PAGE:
the prayer of Hannah, 1Sa 2:8. The transition to the "people" is all the
more natural, as Hannah, considering herself at the conclusion as the type of
the church, with which every individual among the Israelites felt himself much
more closely entwined than can easily be the case among ourselves, draws out of
the salvation imparted to herself joyful prospects for the future. --E. W.
Verse 8. Even with the princes of his people. It is the
honour that cometh from God that alone exalts. Whatever account the world may
take of a poor man, he may be more precious in the eyes of God than the highest
among men. The humble poor are here ranked, not with the princes of the earth,
but with "the princes of his people." The distinctions in this world,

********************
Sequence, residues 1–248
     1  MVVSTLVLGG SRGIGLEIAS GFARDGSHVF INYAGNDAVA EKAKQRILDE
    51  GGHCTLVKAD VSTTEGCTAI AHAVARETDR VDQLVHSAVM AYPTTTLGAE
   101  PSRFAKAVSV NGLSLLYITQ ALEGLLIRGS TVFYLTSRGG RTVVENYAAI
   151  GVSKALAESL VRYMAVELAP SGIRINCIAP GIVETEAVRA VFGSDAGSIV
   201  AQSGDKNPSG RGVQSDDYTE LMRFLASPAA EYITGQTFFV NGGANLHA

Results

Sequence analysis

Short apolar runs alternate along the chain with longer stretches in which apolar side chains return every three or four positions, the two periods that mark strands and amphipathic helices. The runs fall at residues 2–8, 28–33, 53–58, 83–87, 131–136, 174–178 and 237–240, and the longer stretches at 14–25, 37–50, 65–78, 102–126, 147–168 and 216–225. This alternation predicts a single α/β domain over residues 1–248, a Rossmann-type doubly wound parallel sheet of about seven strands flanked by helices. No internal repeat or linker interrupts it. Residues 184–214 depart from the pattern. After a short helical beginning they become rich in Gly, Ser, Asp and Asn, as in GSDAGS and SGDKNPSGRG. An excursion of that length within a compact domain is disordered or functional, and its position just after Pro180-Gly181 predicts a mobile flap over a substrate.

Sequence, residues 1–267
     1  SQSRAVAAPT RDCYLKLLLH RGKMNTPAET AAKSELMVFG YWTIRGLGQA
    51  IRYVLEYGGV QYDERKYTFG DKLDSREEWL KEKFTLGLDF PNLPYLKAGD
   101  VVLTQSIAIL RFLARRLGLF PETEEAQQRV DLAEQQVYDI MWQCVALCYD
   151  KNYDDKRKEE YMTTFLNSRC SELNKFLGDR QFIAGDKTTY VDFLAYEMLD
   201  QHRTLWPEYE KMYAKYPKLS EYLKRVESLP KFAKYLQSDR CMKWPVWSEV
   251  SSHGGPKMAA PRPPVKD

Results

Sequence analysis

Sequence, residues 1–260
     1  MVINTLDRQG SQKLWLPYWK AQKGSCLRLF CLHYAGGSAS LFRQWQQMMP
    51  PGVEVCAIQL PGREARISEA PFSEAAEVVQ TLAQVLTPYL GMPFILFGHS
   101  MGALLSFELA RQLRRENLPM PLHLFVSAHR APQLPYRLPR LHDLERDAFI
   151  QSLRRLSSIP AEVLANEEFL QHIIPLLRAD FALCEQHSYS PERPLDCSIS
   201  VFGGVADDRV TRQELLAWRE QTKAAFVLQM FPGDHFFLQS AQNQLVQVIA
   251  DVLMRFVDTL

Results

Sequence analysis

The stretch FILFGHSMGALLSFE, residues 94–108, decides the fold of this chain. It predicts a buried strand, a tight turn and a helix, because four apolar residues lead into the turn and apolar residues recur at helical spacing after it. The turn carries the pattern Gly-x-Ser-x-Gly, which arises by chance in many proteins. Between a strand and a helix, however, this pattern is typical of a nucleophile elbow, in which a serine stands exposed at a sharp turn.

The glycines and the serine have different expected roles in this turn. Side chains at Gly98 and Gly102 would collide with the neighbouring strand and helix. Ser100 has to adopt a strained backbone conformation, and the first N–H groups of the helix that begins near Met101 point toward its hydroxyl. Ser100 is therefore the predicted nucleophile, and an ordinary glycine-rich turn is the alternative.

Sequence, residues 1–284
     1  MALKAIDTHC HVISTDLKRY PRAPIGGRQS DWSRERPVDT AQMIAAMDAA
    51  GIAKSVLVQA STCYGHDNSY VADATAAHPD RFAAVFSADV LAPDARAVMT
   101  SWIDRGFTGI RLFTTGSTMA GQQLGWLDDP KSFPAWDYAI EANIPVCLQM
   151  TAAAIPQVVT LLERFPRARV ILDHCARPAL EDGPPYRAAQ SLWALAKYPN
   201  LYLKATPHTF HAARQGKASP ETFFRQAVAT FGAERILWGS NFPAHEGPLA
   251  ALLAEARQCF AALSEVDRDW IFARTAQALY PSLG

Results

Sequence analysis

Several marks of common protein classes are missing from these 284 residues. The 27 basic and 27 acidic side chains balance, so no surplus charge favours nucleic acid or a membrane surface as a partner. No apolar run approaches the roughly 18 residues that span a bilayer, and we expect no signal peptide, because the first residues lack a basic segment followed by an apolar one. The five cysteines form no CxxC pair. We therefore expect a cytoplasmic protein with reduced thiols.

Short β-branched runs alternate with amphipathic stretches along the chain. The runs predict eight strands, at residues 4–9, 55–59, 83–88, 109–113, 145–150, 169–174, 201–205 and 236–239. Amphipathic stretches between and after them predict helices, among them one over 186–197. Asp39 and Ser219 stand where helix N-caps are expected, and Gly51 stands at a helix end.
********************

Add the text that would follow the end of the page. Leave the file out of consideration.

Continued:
even among those who serve the same God, are as nothing in his sight when
contrasted with that honour which is grounded on the free grace of God to his
own. But here, also, the fulness of this statement will only be seen in the
world to come, when all the faithful will be owned as kings and priests unto
God. --W. Wilson.
Verse 9. Ye maketh the barren woman to keep house, etc.
Should a married woman, who has long been considered sterile, become a mother,
her joy, and that of her husband and friends, will be most extravagant. "They
called her Malady, "that is, "Barren, ""but she has given us good fruit."
"My neighbours pointed at me, and said, Malady:but what will they say
now?" A man who on any occasion manifests great delight, is represented to be
like the barren woman who has at length borne a child. Anything which is
exceedingly valuable is thus described: "This is as precious as the son of the
barren woman"; that is, of her who had long been reputed barren. --Joseph
Verse 9. He maketh the barren woman to keep house, etc. As
baseness in men, so barrenness in women is accounted a great unhappiness. But as
God lifteth up the beggar out of the mire, to set him with princes, even so doth
he "make the barren woman a joyful mother of children." He governs all